Following up with a suggestion of how they can assist/promote effective, cost-effective intervention could also make quite a difference for struggling readers/spellers.

Focus on people inadvertently promoting things that don’t work, and think carefully before putting anything in writing about those making money promoting things that don’t work. I know some extremely nice, helpful and skilled defamation lawyers, but you probably don’t want to get to know them too.

I look forward to hearing that lots of people all over the place are doing their bit to help correct and improve information in the public domain.

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25 thoughts on “Dyslexie font, coloured overlays and Irlen Syndrome

  1. Wendy

    regarding decodable readers –
    Hurrah!
    My local library (Coffs Harbour in NSW) has recently added all the Fitzroy Readers which are prominently displayed

    Reply
  2. Maryanne

    I approached my local library last week and asked them to purchase the Phonics Books series Talisman, Alba and Rescue series. They had ordered them all within 48 hours!! My son has really enjoyed and benefitted from the Totem series that we bought for him. I am thrilled my library has stepped up to support the children in our community with reading difficulties.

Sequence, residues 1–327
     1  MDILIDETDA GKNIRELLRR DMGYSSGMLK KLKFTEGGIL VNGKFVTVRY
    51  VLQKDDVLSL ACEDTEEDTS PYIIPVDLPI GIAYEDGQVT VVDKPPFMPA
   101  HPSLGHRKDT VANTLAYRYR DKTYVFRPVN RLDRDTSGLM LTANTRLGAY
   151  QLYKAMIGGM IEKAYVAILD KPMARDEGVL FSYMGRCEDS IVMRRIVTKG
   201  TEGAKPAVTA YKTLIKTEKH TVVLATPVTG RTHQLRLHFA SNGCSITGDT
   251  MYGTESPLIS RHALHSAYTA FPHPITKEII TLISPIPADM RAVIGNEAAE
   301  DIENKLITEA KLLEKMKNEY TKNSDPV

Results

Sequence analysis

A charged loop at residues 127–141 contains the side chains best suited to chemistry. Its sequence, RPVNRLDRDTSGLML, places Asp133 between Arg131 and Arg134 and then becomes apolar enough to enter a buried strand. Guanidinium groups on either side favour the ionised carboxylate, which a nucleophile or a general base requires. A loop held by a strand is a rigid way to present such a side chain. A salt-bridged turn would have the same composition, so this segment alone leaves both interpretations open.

Reply
  3. Pingback: Dyslexie font, coloured overlays and Irlen Syndrome | Spelfabet – The Literacy Echo Chamber

  4. Pingback: Dyslexie font, coloured overlays and Irlen Syndrome | The Echo Chamber

  5. Leonie Shelley

    Awesome idea Alison! I’ve been working on the ‘politely’ part – hopefully I’m getting better at it! . On a serious note, I’ve had parents inform teachers that their child has Irlen Syndrome and requires colored overlays/ special lenses. We can only hope that this message spreads so that fewer parents go on this rollercoaster of misinformation.

    Reply
    1. Joanne Godfrey